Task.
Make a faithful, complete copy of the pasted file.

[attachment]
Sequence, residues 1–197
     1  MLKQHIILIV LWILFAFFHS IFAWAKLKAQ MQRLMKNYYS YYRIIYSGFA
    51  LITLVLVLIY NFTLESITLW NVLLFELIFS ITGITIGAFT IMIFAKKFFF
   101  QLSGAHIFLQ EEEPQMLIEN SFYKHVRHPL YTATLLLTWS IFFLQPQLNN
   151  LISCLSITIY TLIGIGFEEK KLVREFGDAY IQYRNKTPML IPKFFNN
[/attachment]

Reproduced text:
Sequence, residues 1–197
     1  MLKQHIILIV LWILFAFFHS IFAWAKLKAQ MQRLMKNYYS YYRIIYSGFA
    51  LITLVLVLIY NFTLESITLW NVLLFELIFS ITGITIGAFT IMIFAKKFFF
   101  QLSGAHIFLQ EEEPQMLIEN SFYKHVRHPL YTATLLLTWS IFFLQPQLNN
   151  LISCLSITIY TLIGIGFEEK KLVREFGDAY IQYRNKTPML IPKFFNN